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Advanced Imaging Magazine

Updated: July 8th, 2008 05:26 PM CDT

Integrated Microscopy Products

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PRODUCT FEATURE

June 2004

Integrated Microscopy Products

by Hank Russell

The realm of microscopy has greatly advanced. It wasn't that long ago when scientists would peer through the lens for hours at a time while a graduate student would change the filter wheel and adjust the focus until it was just right. And since the microscope and computer weren't hooked up together, the images had to be uploaded through the microscope, then resized, reshaped and deblurred using off-the-shelf (read: non-scientific) software.

Prior Scientific’s ProScan II stepper motor controller.

Over the years, while scientists were able to capture the required information at the region of interest, it also captured information that it didn't need: out-of-focus light in a particular plane. The unneeded information can now be eliminated from the image through deconvolution, a technique in which mathematical algorithms reassign the out-of-focus light back to its point of origin. The microscope, controlled by the software, focuses on the specimen and captures the image at every layer and at every fluorescent wavelength into a z stack.

With the different techniques ? FLIM, FRET, reverse FLIM, structured illumination, to name a few ? it is imperative that today's digital microscopy products be integrated. One of the most important parts of the system is the camera. Most digital cameras for microscopy have gone to a FireWire protocol for transferring the data from the camera to the CPU for the fastest data rate possible. Most of the time, the light levels encountered in microscopy, especially in fluorescence microscopy, are quite low, so the camera needs to be as noise-free as possible. As a result, most digital cameras used with fluorescence microscopy are cooled cameras.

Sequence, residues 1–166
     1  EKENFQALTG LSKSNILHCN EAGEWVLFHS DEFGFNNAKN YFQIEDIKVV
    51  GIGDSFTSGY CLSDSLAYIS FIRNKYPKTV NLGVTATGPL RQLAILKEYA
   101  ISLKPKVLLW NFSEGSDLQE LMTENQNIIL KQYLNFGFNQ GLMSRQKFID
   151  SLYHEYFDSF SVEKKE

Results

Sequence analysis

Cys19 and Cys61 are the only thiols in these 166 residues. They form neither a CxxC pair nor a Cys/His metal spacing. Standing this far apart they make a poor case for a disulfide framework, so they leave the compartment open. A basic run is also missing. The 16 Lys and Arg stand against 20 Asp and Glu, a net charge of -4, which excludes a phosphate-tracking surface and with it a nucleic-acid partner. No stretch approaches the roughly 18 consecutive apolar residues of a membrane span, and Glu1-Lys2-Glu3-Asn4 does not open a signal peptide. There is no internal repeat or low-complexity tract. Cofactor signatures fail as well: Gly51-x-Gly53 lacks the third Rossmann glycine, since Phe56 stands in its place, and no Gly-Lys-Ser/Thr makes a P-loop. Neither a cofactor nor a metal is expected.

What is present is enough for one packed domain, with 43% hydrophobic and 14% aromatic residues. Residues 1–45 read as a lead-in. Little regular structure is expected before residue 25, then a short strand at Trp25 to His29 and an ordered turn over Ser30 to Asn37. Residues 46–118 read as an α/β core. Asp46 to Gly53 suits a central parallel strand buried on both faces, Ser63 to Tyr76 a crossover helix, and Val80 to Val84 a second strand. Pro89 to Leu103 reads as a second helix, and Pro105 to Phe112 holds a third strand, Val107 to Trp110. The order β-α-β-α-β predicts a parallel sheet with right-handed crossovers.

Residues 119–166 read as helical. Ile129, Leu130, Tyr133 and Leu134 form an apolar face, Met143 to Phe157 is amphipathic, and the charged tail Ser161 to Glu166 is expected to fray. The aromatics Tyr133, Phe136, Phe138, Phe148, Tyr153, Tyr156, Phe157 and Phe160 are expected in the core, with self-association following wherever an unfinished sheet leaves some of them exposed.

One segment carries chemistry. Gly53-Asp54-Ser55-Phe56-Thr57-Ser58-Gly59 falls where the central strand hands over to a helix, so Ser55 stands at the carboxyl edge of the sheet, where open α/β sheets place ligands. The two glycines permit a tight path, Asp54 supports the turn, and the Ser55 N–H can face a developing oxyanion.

UNDER THE MICROSCOPE

From the Berlin , Germany-based Becker & Hickl GmbH come two PCI boards. The SPC -730 features up to 65,526 (256 x 256) decay curves in memory with a count rate of up to 3 MHz. Other features include measurement times down to 1 ms, multi-detector capability and fast object scanning/lifetime imaging modes. Applications include fluorescence kinetics, fluorescence lifetime imaging (FLIM), laser scanning microscopy, two-photon microscopy and fluorescence resonance energy transfer (FRET). INDICATE 201.

The SPC -830, also from Becker & Hickl , has an electrical time resolution down to 8 picoseconds FWHM (5 ps RMS) and an image resolution up to 4096x4096 pixels. It has a count rate up to 8 MHz (125 ns dead time), measurement times down to 1 ms, multi-detector capability, fast object scanning/lifetime imaging modes and BIFL mode for single molecule detection. Applications include fluorescence kinetics, FLIM, fluorescence correlation spectroscopy, biomedical imaging, laser scanning microscopy, two-photon microscopy and FRET. INDICATE 202.

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